trial court.
9

A contention was canvassed that the

1995 Supp (3) SCC 17

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31

appellant had not come forward with new plea and, in


fact, there were material allegations in the plaint to
sustain the amendment of the plaint.

The Court

observed that having allowed the period of seven years to


elapse from the date of filing the suit, and the period of
limitation being three years under Article 54 of the
Schedule to the Limitation Act, 1963, any amendment on
the grounds set out, would defeat the valuable right of
limitation accruing to the respondent. The said principle
has been reiterated in South Konkan Distilleries and
another v. Prabhakar Gajanan Naik and others10 and
Van Vibhag Karamchari Griha Nirman Sahkari
Sanstha Maryadit (Registered) v. Ramesh Chander
and others11.
28.

In

Revajeetu

Builders

and

Developers

v.

Narayanaswamy and sons and others12, while laying


down

some

basic

principles

for

considering

the

amendment, the Court has stated that as a general rule


the court should decline amendments if a fresh suit on

10

(2008) 14 SCC 632


(2010) 14 SCC 596
12
(2009) 10 SCC 84
11

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32

the amended claims would be barred by limitation on the


date of application.
29.

In the present case, when it is absolutely clear that the

counter claim in respect of the enhanced sum is totally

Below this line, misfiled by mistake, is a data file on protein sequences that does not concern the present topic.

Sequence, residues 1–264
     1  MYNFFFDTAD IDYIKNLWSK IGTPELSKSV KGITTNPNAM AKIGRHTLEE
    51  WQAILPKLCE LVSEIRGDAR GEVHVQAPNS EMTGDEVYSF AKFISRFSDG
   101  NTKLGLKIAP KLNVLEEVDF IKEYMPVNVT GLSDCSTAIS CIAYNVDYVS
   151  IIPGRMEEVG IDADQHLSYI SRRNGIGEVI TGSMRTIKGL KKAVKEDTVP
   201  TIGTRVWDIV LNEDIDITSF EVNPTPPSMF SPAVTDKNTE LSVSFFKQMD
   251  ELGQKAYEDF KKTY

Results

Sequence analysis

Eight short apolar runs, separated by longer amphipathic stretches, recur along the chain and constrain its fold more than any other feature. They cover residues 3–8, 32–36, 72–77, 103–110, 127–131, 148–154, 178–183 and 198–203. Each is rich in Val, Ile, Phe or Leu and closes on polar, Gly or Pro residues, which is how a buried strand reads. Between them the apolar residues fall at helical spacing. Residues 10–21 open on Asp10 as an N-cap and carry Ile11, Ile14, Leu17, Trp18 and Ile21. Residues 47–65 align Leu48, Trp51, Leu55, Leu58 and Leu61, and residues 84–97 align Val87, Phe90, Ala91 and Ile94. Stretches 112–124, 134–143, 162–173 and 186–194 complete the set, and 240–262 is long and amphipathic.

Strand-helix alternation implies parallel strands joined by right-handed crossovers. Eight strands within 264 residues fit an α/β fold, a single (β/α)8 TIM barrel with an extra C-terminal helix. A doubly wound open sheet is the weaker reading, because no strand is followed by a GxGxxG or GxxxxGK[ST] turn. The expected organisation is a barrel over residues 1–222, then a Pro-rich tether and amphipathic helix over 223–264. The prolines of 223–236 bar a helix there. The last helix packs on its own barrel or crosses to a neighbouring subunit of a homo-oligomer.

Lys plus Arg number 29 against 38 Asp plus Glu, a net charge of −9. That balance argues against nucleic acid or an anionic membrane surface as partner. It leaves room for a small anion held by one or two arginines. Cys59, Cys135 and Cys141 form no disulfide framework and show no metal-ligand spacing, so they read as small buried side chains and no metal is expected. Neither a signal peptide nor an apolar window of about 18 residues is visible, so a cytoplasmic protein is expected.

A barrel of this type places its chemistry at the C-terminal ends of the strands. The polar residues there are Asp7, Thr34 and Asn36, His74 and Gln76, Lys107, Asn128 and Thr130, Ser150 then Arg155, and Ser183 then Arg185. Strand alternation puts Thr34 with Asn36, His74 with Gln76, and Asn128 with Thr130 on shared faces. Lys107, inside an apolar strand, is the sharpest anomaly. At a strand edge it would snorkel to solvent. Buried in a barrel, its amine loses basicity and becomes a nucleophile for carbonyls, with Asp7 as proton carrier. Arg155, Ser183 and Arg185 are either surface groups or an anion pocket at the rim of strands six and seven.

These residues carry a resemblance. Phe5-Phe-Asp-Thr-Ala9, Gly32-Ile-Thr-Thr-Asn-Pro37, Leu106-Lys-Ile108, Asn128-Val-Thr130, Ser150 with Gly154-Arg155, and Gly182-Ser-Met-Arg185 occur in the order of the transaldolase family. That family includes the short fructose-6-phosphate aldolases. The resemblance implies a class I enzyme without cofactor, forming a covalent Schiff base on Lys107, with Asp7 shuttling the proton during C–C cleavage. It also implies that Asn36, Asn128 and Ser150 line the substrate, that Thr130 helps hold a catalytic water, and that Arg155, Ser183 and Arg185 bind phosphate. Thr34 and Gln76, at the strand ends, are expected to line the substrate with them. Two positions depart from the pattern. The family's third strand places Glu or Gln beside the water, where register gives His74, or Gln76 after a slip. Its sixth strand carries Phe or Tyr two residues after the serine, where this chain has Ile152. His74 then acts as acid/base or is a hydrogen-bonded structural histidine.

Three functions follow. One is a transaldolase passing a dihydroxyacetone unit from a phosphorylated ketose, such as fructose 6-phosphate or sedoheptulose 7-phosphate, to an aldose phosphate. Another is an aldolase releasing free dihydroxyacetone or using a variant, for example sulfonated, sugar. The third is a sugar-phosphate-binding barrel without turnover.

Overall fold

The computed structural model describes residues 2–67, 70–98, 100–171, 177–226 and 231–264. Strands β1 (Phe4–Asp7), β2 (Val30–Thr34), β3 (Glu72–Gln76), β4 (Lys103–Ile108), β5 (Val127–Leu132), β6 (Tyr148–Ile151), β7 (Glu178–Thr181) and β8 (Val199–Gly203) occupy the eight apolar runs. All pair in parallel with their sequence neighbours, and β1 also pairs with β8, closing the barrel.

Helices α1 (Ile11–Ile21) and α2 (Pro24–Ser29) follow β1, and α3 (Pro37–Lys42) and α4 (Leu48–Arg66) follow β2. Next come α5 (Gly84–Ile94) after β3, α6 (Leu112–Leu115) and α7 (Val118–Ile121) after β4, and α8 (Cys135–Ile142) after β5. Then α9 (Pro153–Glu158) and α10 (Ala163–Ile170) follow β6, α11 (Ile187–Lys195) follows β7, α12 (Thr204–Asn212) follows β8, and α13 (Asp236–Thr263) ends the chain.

barred by limitation and is not saved by exception carved
out by the principle stated in Praveen Enterprises
(supra), we are unable to agree with the view of the
Division Bench of the High Court that the counter claim,
as a whole, is not barred by limitation. Thus analysed,
the counter claim relating to the appeal which deals with
civil contracts shall be restricted to the amount stated in
the letter dated 17.4.2006, i.e., Rs.68,63,72,178.08, and
as

far

as

the

air-conditioning

other
contract,

appeal
the

which

quantum

pertains
shall

to

stand

restricted to as specified in the letter dated 21.3.2006,


i.e., Rs.19,99,728.58.
30.

At this juncture, we may, for the sake of completeness,

deal with the justifiability of the interference by the


Division Bench in the award passed by the learned
Arbitrator. It has been urged by Mr. Venugopal, learned

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33

senior counsel for the appellant, that the view expressed


by the learned Arbitrator being a plausible interpretation
of the contract the same did not warrant interference.
We have already analyzed at length how the interim
award is indefensible as there has been incorrect and
inapposite appreciation of the proposition of law set out
in Praveen Enterprisess case.

In Rashtriya Ispat

Nigam Limited (supra) this Court has opined that the


learned Arbitrator had placed a possible interpretation on
clause 9.3 of the contract involved therein and hence, the
interference was exceptionable. In the present case, the
factual matrix and the controversy that have emanated
are absolutely different and hence, the principle stated in
the

said

authority

is

not

applicable.

Thus,

we

unhesitatingly repel the submission of the learned senior


counsel for the appellant that the award passed by the
learned Arbitrator did not call for any interference.
31.

Consequently, both the appeals are allowed in part,

the judgment of the Division Bench in Appeals Nos. 7 of


2013 and 8 of 2013 is modified and the interim award
passed by learned Arbitrator as regards rejection of the

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34

counter claims in toto stands nullified.

The learned

Arbitrator shall now proceed to deal with the counter


claims, as has been indicated hereinabove by us.
Needless to say, we have not expressed any opinion on
the merits of the claims or the counter claims put forth
by the parties before the learned Arbitrator. The parties
shall bear their respective costs.
.....J.
[Anil R. Dave]
..J.
[Dipak Misra]
New Delhi;
February 14, 2014.